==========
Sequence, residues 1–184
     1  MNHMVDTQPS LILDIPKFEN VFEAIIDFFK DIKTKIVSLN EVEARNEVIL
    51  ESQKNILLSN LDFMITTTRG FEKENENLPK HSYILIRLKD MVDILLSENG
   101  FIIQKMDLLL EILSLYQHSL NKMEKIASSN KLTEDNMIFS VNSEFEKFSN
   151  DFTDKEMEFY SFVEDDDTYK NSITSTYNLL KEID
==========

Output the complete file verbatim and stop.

Sequence, residues 1–184
     1  MNHMVDTQPS LILDIPKFEN VFEAIIDFFK DIKTKIVSLN EVEARNEVIL
    51  ESQKNILLSN LDFMITTTRG FEKENENLPK HSYILIRLKD MVDILLSENG
   101  FIIQKMDLLL EILSLYQHSL NKMEKIASSN KLTEDNMIFS VNSEFEKFSN
   151  DFTDKEMEFY SFVEDDDTYK NSITSTYNLL KEID